|16th June 2007, 03:24||#9|
Join Date: Apr 2007
Thanked: 7 Times
Is it April 1 already?
I'd say ban automobiles all togather, that would cut down lot of Co2 emissions and also wars.
The Queen would ride in a Stretch Rickshaw B-)
PS: I reached 102 mph in a rental Kia Rio, so which all cars are gonna be banned?
Last edited by Mayavi : 16th June 2007 at 03:34.
|16th June 2007, 11:00||#11|
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Join Date: May 2006
Location: Avon, CT
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Instead of that, they should put road humps every 500 mts like they do in India. And a couple potholes in between. That way they ensure their cars never cross 2nd gear. After all, why should us Indians have all the fun ?!
|16th June 2007, 13:40||#12|
Join Date: Jul 2006
Thanked: 6 Times
Looks like the politicians want the automotive evolution (revolution?) to go full circle.....back to horse drawn carriages.
As someone rightly said, most of gaseous (nauseous??) emissions are contributed by politicians
|18th June 2007, 03:42||#13|
Join Date: Sep 2005
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I dont see this going anywhere. The biggest, most influential automotive corporations that churn out limited edition supercars/hypercars are not going to let this pass thru.
I'd like to see how this ends. So much for gentlemens speed limit of 155mph
|18th June 2007, 07:13||#14|
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Join Date: Oct 2004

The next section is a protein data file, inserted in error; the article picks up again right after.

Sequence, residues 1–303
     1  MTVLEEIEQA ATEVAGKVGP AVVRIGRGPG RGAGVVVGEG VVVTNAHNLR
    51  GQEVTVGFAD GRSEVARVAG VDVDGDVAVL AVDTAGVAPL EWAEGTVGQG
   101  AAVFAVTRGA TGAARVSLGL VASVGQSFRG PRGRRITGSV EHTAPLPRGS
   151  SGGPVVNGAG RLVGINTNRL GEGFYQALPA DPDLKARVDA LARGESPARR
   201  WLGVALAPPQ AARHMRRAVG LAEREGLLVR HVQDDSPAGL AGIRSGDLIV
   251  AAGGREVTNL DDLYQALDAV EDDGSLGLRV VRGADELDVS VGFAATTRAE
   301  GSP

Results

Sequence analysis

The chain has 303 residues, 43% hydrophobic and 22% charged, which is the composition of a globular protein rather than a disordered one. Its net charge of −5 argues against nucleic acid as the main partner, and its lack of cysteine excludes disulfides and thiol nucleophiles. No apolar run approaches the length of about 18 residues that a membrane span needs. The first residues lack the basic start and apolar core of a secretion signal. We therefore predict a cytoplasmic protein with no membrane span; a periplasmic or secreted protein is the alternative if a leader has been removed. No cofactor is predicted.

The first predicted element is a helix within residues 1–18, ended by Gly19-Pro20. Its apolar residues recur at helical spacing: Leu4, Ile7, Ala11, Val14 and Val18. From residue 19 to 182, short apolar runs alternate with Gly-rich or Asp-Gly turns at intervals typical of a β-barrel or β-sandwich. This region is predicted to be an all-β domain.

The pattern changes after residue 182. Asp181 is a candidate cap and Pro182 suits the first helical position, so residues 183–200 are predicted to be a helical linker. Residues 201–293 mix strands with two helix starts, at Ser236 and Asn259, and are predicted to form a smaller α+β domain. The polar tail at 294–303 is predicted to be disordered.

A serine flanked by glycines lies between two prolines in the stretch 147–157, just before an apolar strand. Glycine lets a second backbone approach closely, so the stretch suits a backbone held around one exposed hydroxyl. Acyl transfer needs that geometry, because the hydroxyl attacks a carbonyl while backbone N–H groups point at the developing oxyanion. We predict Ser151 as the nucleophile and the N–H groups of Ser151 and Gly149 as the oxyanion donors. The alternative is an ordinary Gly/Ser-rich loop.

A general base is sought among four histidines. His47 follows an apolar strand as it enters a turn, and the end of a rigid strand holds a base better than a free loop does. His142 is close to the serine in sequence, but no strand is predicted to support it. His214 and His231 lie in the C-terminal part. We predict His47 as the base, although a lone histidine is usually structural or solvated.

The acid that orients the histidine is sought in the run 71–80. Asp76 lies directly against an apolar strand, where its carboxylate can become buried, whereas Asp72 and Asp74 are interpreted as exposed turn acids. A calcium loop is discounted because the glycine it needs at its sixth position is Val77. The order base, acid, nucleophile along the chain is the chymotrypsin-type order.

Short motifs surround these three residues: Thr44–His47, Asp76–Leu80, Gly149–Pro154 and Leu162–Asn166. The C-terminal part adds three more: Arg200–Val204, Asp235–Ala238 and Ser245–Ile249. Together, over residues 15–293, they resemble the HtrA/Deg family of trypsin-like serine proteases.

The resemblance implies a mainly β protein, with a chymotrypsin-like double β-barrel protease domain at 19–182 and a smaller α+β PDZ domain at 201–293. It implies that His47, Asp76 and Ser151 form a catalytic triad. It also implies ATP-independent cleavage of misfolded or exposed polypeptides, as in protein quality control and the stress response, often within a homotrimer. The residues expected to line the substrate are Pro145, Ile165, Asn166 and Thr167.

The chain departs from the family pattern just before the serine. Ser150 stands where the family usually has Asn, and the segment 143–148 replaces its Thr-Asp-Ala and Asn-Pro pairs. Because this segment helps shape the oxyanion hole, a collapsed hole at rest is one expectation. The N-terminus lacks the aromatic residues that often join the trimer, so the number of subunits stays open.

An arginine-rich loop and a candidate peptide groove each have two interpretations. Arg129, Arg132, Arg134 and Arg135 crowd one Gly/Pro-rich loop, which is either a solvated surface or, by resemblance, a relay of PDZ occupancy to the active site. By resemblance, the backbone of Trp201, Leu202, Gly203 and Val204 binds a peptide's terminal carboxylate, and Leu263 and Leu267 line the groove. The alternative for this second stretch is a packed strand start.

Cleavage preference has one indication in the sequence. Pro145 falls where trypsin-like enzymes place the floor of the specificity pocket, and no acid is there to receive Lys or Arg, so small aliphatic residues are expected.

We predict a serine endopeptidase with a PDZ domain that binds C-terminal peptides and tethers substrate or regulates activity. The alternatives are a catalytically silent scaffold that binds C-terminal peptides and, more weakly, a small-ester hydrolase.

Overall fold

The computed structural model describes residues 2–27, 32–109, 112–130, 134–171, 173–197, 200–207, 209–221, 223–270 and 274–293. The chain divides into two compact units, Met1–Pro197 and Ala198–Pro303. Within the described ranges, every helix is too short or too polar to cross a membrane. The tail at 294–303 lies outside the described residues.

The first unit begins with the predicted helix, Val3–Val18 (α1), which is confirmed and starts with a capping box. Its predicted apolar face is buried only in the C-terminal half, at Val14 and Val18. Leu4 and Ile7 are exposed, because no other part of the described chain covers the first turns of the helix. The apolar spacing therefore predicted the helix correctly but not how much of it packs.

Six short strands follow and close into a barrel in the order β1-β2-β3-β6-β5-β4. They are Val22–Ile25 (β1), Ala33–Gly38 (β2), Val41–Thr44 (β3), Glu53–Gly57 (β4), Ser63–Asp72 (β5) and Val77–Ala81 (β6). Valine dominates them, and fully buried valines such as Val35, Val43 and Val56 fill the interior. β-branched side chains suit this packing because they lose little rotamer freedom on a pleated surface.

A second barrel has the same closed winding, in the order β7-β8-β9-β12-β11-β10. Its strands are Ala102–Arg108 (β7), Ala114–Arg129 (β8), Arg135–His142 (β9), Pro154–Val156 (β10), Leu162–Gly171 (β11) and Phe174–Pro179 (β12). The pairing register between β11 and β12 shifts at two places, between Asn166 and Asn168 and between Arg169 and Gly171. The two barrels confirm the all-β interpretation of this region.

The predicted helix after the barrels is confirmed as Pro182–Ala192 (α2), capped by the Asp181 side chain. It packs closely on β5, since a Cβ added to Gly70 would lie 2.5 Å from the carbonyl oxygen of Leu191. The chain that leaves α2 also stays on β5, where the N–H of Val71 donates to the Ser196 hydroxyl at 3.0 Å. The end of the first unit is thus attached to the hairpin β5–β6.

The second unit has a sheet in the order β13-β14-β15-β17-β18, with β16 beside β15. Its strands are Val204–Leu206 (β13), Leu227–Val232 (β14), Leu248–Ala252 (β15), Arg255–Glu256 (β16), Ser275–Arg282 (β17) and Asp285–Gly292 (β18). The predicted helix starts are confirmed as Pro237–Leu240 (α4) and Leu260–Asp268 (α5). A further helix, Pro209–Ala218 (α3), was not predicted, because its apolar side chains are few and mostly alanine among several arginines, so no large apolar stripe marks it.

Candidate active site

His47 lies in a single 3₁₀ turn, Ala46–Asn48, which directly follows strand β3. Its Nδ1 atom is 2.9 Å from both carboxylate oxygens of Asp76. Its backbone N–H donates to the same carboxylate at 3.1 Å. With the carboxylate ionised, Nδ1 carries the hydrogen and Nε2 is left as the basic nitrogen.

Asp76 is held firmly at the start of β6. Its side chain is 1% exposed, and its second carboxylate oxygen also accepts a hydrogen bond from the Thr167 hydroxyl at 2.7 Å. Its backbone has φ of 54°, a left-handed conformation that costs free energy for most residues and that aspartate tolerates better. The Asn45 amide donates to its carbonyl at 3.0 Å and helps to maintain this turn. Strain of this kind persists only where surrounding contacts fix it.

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Umm, at the risk of becoming flame-bait, I'd say this isn't as mad as it appears. If the legal speed limit in most places is 60-70mph, there isn't much in having cars that do twice that, is there ? I mean yeah sure, on private (race)tracks and on the autobahns and in Montana there's no limits, and a workaround needs to be found for those who intend to drive at higher speeds there, but really, 30% over the limit does seem good enough a target.
Heavier cars, all else being equal, will surely be less fuel efficient and hence produce more carbon emissions than equivalent lighter ones.
Carmakers could instead focus on much better fuel efficiency and driveability upto that limit - esp the 0-70mph range, with smaller engines. Putting in a larger engine every year into every model has established a not very healthy trend that all automakers have to keep playing catch-up with.
Of course, the ideal solution would be to not blindly eliminate all supercars, but provide incentives to smaller lighter more "sensible" (yet capable enough under the speed limits) cars a la the keis in Japan, and make it more expensive to own larger capacity vehicles (if you can afford private tracks or love speed enough to pay for it elsewhere). The speed limits themselves would need to be looked at hard, and rationalized across. 80kmph on our expressways, for instance, is just tooooo low. The larger safety related issue here is people venturing out on high speed roads with vehicles/tyres/drivers incompatible with those speeds. Certainly the incompatibility also holds for a much larger percentage of the population (for whom public roads are designed, not just a few capable enthusiasts) above 101mph and the like.
The exact form of this law is certainly riddled with holes, but there's some direction in there which is sensible and worth pursuing. Just because we're auto enthusiasts, we must also be responsible enthusiasts.